From the top to the bottom, there are members of the force that are fighting to stop the wildlife trade, which are perpetuating it and indeed financially growing rich on the back of it.
Police, prosecutors, airlines and even diplomats are involved in the smuggling of rhino horn in south east asia. The sanctity of the diplomatic bag is incredibly important, however, when it is being used as a way to smuggle animal parts out of the country things need to change.
Over the last few years it has become increasingly clear that conservationists approach to fossil fuel companies were not working.
The problem is that there is a great deal of money to be made from fossil fuels. Companies like tesla hint at a world where this ceases to be the case, and the speed that the electric car market is growing, is incredibly fast. Indeed many people have commented on the fact that the growth curve of electric cars is clearly following the curve of many other disruptions from computers to mobile phones.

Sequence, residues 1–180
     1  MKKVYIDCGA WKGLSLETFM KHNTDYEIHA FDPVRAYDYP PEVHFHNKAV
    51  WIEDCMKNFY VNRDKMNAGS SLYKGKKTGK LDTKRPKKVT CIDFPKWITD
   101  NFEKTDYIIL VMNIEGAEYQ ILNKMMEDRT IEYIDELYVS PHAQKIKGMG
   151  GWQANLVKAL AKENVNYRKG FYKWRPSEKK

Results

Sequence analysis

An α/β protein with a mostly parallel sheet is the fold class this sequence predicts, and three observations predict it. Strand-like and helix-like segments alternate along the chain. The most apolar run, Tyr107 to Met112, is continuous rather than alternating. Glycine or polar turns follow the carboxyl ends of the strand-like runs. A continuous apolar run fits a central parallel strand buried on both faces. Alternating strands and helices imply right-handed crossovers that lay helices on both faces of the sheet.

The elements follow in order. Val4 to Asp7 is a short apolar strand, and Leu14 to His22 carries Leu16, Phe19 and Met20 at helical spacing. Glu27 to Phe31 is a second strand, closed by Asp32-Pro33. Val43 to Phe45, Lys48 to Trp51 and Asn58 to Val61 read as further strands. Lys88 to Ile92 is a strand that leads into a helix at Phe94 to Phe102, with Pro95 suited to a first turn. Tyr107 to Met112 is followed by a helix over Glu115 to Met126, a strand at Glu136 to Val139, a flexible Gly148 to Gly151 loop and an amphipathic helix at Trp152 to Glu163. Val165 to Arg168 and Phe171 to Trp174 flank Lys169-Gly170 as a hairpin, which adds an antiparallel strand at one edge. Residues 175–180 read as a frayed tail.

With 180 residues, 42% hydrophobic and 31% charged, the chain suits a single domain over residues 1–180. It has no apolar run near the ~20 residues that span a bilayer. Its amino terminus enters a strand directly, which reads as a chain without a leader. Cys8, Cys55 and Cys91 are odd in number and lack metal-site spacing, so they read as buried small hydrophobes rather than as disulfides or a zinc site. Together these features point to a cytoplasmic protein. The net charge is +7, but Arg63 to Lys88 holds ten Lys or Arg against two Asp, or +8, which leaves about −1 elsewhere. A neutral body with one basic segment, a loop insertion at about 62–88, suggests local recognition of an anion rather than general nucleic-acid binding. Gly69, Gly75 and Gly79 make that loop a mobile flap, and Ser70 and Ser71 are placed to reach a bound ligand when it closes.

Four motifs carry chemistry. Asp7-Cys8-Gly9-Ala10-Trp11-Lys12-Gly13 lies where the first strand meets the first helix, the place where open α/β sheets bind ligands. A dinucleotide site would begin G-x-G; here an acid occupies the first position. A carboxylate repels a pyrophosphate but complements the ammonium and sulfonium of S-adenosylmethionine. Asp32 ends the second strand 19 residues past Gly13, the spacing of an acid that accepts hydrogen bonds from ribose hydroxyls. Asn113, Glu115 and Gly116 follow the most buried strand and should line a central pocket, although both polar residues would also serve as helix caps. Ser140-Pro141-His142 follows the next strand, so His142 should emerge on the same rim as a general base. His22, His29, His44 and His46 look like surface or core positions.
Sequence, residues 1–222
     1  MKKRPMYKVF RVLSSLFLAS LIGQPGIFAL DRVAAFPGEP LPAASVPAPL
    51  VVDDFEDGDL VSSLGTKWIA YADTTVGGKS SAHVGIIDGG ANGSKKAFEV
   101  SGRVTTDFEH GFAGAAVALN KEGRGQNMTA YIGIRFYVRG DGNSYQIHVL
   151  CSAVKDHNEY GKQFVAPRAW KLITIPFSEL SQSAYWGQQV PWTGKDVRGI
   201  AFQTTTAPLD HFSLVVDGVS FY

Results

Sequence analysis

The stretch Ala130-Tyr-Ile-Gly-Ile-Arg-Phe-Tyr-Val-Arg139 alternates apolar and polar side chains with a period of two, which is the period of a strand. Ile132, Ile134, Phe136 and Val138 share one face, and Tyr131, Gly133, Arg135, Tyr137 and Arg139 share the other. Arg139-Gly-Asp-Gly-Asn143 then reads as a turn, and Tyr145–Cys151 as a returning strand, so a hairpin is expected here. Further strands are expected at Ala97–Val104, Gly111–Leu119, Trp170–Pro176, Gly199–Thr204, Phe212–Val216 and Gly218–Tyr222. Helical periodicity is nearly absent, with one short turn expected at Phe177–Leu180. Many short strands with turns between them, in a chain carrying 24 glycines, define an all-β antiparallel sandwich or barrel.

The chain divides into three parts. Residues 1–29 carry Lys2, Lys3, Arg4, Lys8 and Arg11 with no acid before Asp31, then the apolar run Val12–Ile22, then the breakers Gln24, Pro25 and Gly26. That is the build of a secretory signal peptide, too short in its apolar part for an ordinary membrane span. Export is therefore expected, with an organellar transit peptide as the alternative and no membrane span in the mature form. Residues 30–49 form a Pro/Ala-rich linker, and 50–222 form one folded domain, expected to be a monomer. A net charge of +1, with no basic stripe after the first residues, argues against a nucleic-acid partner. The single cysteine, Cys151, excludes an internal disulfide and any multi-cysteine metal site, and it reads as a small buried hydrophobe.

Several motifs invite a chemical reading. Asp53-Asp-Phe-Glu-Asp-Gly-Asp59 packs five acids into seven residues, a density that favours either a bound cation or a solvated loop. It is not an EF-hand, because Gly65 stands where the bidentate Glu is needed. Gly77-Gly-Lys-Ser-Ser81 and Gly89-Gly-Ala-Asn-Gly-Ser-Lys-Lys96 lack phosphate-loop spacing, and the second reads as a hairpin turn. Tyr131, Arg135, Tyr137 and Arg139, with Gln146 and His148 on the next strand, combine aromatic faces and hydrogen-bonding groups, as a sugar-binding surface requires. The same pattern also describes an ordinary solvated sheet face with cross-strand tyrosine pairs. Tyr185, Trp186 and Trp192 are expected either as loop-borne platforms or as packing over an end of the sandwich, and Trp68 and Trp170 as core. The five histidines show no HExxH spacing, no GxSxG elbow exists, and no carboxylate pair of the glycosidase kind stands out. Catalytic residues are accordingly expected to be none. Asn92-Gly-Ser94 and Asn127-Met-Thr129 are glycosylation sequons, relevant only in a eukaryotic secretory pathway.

Between 2015 and 2019 30 tonnes of ivory and 167 tonnes of pangolin scales were seized. This equates to roughly 4400 elephants dead, and 167,000 pangolins. As in other places, the illegal wildlife trade tends to bring in crime, with the same gangs handling humans drugs minerals and weapons..
An area of around 1500 football pitches has been cleared on an oil palm plantation during last year. The concession is managed by PT Medcopapua Hijau Selaras a supplier to Wilmar. Wilmar is the worlds largest palm oil trader, and includes amongst their customers huge companies such as Kelloggs nestle and unilever.
Rather than denying the deforestation occurred, Wilmar has claimed that less land was cleared than is claimed (this is a foolish claim to make as we have satellite pictures from before and after), and then claims that they are not responsible anyway and that the clearing was done by smallholder farmers.
Sugar cane companies managed to get the rights to the land on which this forest stands in controversial circumstances, yet they were given the right to clear the land.
Home to both around 5000 chimpanzees and Mangabeys, under the “common good of the citizens of Uganda act” from 1998, areas like this are held in trust and may not be leased out or sold by the government.